Reducing service technician fatigue can be accomplished by organizing the necessary tools and eliminating inefficiencies. This includes easy access to hand tools, wheel chocks, filters, fluid dispensing equipment, and plenty of storage space. For instance, Sage lube truck bodies have built in storage, convenient wheel chock holders, centralized control panels and there are many available accessories that simplify fluid exchanges, including a dipstick tube kit, drain pans, Filter Stingers™, and the NextLube Pro monitor system.

While not recommended for large engines, the dipstick tube kit can prove useful for compact machines where access to service points can be an issue. The service technician simply inserts the tube down the dipstick holder of the engine and vacuums the oil directly from the engine. 

Recovering used fluids is also a critical step in the PM process. Properly designed oil drain pans are a great alternative to trying to transport used oil in a 5-gallon bucket for disposal. With some drain pans, the service technician can vacuum the used oil directly out of the oil pan to help reduce the risk of spillage.

Installing quick drain plugs is also another option to consider for avoiding spillage, and the exposure of the technicians to lubricant products is minimized. Quick drain plugs can be connected directly to a hose to create a closed, sealed fluid exchange. Quick drain plugs are direct replacements for the OEM drain plugs, but since they do not have to be removed during oil changes, the chance of cross threading or damaging the oil pan threads is eliminated. 

“There are other options that we manufacture that can also help reduce spills and coming in contact with fluids,” says Sage. “We manufacture the Sage Filter Stinger to puncture the oil filter and suction out the used fluid, placing it directly in the used oil tank. And after that is done, the filter can then be placed into the optional Used Filter Receptacle™ to drain what little fluid is left.”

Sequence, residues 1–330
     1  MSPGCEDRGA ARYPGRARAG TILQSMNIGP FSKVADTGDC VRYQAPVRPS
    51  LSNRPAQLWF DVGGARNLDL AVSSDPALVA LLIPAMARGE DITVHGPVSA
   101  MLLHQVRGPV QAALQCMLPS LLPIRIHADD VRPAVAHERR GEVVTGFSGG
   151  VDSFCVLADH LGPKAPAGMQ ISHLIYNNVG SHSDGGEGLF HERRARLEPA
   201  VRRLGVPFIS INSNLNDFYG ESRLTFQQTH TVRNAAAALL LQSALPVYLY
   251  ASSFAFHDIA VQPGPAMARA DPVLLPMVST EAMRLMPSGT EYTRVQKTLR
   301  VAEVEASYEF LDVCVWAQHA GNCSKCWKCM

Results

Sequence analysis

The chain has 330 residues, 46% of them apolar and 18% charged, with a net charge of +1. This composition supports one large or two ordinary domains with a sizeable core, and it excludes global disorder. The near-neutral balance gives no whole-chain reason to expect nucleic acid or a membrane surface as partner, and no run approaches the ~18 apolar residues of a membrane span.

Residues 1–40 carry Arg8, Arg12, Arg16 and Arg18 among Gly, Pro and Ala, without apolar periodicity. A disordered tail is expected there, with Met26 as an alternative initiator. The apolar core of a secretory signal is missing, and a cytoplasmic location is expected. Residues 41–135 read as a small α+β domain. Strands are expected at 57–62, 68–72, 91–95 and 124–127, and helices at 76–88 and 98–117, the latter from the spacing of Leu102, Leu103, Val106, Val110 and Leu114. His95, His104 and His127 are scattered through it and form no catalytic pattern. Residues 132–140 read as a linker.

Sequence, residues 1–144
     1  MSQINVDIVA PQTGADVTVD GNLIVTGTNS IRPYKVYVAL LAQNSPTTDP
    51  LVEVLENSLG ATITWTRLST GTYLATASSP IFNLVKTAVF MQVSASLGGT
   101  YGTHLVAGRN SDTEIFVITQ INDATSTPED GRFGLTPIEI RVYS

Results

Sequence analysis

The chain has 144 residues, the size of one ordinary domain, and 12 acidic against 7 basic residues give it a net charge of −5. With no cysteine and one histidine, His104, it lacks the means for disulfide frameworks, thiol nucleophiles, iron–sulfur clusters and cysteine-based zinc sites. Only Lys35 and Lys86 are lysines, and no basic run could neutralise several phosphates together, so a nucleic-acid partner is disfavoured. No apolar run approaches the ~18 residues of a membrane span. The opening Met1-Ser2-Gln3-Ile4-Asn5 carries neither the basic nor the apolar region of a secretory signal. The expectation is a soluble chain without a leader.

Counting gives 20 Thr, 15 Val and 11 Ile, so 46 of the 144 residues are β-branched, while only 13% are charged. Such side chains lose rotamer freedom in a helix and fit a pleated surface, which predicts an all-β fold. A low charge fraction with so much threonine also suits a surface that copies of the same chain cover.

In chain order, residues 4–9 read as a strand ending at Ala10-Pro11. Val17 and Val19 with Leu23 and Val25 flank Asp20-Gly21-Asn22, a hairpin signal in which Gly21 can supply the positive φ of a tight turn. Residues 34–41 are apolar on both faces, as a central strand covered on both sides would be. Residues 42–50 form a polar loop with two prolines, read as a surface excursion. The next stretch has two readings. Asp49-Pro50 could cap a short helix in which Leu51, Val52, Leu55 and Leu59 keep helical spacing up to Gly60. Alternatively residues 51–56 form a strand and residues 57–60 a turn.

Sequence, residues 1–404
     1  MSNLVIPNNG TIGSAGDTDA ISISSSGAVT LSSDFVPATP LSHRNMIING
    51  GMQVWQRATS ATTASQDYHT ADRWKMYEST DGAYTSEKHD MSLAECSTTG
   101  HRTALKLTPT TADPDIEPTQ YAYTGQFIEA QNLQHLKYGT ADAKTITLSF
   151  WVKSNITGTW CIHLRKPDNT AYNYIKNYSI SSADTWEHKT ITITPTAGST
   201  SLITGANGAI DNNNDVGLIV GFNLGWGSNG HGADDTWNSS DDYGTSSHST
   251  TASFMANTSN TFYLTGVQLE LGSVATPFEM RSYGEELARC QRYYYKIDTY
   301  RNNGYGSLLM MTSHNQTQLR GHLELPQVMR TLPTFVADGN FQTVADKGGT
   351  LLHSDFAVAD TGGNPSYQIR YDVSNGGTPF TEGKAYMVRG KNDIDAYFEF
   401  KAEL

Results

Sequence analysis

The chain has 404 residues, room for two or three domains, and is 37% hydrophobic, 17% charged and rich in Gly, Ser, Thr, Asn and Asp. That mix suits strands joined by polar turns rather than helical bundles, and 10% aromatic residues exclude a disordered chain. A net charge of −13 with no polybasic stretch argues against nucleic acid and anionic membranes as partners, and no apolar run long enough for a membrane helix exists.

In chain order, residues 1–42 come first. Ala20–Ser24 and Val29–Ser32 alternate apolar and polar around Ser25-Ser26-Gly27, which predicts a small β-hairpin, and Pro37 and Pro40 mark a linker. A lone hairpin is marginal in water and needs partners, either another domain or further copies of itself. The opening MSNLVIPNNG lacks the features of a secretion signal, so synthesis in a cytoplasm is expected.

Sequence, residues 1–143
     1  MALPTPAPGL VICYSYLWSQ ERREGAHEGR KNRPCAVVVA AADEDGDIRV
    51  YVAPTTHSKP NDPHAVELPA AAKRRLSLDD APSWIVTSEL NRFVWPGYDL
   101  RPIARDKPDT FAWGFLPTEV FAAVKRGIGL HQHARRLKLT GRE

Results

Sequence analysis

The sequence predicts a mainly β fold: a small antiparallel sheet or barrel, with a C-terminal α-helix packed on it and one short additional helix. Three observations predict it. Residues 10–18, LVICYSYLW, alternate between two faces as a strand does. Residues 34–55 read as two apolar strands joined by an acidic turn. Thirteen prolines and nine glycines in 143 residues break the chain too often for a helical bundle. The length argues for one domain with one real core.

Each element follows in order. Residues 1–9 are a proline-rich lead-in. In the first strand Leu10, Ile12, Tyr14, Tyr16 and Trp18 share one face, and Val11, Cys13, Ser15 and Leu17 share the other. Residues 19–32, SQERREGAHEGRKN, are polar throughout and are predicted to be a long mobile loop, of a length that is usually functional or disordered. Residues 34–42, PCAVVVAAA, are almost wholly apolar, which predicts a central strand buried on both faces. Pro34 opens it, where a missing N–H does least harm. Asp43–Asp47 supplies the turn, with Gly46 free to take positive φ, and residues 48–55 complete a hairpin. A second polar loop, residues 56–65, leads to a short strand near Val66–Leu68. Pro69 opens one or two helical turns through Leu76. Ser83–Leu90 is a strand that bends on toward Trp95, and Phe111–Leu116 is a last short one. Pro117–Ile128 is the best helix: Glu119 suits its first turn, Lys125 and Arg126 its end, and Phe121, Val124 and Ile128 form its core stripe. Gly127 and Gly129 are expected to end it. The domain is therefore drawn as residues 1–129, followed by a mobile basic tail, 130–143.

Technology is taking the guesswork out of fluid exchanges. For example, the Sage NextLube Pro monitor system allows service technicians to control fluid dispensing, label fluid tanks for better organization, and monitor available fresh fluids through intuitive touchscreen controls.

“It basically takes all of the mechanical valve turning that we have before and brings it to a touch screen for easy operation,” says Sage. “It allows the operator to run everything from the NextLube screen and is an intuitive system that allows operators to choose which fluids they want to dispense. It allows them to see exactly how many gallons they have left in each tank. And then, to keep everything organized, it allows the operator to properly label each tank to prevent cross contamination or mixing of oils.”

Since many technicians will be working before dawn or after twilight, proper lighting impacts safety and productivity. High-powered LED worklights can illuminate the site and should be a consideration when selecting a mobile lube system.


The tools you provide for your service technicians will influence their productivity and safety. Adding a mobile lube system is also a great way to recruit and retain quality service technicians. It makes their job less labor intensive and keeps them cleaner at the end of the day. It also eliminates the necessity of handling open containers of both new and used lubricants. 

For More Information:

Content provided by Sage Oil Vac of Amarillo, Texas. Mobile lube systems save time, help reduce expenses, and will help keep your team and equipment productive. Make sure you choose the right one for your needs. For more, visit www.sageoilvac.com or contact a dealer.

Modern Contractor Solutions, June 2022